Camelina crush plant to go on line this month

By Ron Kotrba | October 14, 2008
Web exclusive posted Oct. 21, 2008 at 1:51 p.m. CST

The Northwest Crush Plant, a camelina mechanical extraction crush plant near the Lake Erie shoreline in Union City, Pa., will be operational at the end of October. Joel Hunter, an agronomist with the Penn State University co-op extension, presented data on the Camelina Project of Northwest Pennsylvania during the second annual Energy from Biomass and Waste Exposition & Conference which was held in Pittsburgh on Oct. 14-16.

In an effort to benefit biodiesel production, the project planted camelina, a low input no-till oilseed crop that contains 35 to 40 percent oil. Hunter said 80 acres of camelina seed were planted on March 21 using no-till drill or fertilizers; however, herbicides were used to burn down the existing weeds. The camelina was successfully harvested in July. No modifications were needed for the harvest equipment, so regular corn/soybean sieves were used. Hunter said they didn't get the 40 bushels per acre that was anticipated, but did achieve 25 bushels per acre. A bushel of camelina weighs 50 pounds.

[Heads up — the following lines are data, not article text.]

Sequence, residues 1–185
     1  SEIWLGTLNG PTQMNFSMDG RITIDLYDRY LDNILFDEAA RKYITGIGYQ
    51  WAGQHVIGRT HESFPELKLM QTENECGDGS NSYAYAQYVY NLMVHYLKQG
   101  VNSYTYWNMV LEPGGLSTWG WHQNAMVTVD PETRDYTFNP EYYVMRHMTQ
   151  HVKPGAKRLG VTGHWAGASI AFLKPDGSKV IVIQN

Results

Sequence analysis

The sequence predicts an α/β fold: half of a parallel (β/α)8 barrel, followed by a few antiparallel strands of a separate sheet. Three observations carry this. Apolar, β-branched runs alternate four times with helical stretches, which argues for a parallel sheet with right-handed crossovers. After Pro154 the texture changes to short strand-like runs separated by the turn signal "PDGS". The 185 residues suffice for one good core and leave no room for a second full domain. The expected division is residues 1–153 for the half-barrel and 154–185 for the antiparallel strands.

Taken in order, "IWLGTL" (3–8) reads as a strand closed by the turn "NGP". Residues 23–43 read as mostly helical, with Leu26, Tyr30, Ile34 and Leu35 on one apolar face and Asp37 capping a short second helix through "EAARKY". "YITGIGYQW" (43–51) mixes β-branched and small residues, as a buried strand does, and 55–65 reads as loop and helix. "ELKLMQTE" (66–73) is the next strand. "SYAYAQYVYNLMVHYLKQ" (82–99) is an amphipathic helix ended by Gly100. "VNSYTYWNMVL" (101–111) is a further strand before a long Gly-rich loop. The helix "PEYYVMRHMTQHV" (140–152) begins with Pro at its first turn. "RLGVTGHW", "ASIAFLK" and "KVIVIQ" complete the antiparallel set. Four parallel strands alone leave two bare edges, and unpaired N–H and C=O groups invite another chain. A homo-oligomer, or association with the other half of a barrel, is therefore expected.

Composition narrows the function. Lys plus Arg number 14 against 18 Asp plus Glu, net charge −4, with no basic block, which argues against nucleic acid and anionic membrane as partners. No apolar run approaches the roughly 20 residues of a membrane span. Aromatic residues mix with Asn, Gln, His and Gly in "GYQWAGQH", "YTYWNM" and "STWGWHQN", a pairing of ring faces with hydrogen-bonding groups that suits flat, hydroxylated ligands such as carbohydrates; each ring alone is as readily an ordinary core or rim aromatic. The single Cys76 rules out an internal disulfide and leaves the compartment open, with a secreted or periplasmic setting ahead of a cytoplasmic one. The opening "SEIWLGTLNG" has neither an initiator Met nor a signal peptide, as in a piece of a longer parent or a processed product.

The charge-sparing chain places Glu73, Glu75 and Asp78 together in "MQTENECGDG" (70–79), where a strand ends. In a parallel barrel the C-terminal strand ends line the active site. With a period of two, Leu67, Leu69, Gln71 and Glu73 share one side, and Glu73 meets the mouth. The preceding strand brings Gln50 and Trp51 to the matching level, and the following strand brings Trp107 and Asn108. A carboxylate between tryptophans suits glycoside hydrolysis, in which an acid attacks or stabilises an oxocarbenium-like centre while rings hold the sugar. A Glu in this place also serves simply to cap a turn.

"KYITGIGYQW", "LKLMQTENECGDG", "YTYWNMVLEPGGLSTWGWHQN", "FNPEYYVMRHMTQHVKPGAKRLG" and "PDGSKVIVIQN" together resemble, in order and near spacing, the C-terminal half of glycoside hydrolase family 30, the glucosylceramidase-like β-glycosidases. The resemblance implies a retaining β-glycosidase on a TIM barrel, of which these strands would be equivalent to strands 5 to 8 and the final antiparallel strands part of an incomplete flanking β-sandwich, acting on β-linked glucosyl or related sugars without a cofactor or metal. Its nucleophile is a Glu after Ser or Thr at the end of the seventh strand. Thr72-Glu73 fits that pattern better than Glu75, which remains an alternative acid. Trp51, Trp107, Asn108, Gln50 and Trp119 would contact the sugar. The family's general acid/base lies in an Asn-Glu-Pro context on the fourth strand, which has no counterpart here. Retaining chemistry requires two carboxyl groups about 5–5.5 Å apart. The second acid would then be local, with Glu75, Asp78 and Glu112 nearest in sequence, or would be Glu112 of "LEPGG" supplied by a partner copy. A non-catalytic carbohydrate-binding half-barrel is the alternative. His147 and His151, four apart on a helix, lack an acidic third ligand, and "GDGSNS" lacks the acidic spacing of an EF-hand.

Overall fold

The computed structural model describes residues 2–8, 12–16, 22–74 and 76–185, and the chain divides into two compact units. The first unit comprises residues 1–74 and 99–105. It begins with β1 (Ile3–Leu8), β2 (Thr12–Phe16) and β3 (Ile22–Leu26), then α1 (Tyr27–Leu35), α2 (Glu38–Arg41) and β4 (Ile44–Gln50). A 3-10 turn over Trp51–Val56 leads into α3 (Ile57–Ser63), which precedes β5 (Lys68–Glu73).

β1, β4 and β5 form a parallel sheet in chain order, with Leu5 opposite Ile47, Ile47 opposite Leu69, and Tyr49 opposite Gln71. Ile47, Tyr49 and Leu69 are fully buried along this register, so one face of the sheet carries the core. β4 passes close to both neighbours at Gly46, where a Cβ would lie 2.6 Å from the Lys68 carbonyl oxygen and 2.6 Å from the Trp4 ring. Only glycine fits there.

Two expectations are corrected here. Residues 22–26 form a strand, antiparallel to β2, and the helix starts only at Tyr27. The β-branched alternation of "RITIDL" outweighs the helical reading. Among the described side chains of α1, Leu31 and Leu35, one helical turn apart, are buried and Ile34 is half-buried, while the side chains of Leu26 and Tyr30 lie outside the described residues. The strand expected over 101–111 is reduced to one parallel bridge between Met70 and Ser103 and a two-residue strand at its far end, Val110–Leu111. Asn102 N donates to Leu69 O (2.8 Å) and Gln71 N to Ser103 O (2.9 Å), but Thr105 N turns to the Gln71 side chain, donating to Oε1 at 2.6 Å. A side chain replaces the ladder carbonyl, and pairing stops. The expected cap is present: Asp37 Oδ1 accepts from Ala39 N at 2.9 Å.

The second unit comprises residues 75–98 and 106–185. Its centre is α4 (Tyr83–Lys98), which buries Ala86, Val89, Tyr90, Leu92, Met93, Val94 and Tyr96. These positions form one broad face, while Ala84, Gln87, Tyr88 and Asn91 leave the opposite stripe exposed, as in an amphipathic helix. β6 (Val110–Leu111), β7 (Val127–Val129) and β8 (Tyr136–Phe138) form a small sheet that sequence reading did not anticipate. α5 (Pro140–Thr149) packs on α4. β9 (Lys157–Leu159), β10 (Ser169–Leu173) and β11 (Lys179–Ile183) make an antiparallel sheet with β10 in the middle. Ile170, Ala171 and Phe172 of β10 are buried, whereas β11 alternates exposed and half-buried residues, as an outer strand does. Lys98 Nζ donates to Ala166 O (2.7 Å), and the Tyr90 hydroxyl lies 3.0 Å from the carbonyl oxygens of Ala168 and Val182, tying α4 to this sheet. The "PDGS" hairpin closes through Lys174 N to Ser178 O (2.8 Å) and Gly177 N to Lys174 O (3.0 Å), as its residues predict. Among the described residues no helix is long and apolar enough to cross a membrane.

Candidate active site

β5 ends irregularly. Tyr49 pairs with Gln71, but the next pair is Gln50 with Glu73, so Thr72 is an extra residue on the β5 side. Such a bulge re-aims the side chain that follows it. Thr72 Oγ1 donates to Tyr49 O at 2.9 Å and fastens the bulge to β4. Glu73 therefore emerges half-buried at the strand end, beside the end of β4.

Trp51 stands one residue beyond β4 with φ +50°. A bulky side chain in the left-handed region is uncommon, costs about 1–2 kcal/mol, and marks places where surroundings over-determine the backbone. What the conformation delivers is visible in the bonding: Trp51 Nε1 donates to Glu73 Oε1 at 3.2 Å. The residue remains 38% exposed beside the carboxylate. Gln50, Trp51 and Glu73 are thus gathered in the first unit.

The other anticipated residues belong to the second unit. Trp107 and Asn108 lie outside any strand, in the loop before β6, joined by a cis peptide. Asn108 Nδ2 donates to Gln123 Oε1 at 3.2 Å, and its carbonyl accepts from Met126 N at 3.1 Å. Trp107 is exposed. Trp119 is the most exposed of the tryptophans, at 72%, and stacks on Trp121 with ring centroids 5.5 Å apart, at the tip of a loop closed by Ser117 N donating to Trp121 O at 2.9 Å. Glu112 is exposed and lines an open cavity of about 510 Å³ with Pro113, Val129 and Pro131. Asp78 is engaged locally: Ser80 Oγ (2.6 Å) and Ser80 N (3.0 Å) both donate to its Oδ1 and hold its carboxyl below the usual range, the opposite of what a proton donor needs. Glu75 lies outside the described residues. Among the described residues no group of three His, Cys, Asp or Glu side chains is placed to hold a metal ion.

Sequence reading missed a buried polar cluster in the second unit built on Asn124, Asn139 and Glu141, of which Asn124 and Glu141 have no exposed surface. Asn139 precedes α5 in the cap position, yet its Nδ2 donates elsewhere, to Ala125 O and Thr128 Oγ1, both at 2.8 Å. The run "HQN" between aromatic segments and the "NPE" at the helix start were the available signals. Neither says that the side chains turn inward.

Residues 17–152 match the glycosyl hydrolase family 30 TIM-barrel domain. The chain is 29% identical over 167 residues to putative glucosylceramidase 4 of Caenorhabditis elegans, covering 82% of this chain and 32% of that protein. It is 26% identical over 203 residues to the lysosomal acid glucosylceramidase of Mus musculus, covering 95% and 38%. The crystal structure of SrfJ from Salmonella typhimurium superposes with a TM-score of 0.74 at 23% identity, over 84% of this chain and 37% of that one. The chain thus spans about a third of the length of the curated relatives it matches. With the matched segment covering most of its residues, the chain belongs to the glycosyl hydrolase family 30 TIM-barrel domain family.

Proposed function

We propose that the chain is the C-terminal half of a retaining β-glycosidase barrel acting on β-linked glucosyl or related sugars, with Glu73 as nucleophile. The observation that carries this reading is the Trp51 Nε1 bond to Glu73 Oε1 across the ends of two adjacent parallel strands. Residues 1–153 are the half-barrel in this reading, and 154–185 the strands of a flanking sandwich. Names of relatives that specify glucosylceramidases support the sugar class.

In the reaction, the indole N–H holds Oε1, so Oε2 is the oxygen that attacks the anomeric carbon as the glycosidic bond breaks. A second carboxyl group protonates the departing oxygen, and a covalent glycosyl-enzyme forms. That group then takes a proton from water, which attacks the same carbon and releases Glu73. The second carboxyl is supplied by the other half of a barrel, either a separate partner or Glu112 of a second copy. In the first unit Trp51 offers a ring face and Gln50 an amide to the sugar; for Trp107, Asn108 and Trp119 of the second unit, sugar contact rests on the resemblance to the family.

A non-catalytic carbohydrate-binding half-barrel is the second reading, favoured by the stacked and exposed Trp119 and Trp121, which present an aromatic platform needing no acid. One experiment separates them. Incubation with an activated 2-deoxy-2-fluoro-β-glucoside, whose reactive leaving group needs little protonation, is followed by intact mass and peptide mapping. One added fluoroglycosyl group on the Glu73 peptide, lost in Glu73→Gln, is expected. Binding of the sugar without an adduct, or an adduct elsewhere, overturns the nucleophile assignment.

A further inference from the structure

"Camelina is a crop you don't even want to consider tilling," Hunter said. "It's similar to a lot of the small grains crops."

The crush facility's two Anderson Super Duo machines from the World War II era have recently been refurbished and can achieve a 75 percent oil recovery from the camelina, Hunter said. The plant, when it comes on line at the end of October, will be able to crush 30 tons in an eight-hour shift.

This year Pennsylvania passed a B2 mandate, which has not been implemented yet due to infrastructural reasons. Pennsylvania is considered a soybean growing state, so therefore there are incentives to use locally grown feedstocks. Growing camelina, crushing it in the state and then eventually turning it into biodiesel at one of the state's biodiesel facilities to sell and use in Pennsylvania is one way to accomplish this task.

At the Energy from Biomass and Waste Exposition & Conference, Hunter passed around bags full of camelina seed and camelina meal, as well as a jug of oil. "We really appreciate the farmers' willingness to try this," he said.

Some of the camelina oil extracted from the crush plant will be sold to Lake Erie Biofuels, Pennsylvania's first large-scale biodiesel production facility. As a result of economics and market demand, the 45 MMgy plant was modified to accommodate multi-feedstocks, including tallow and animal fats, as well as soybeans.
 
 
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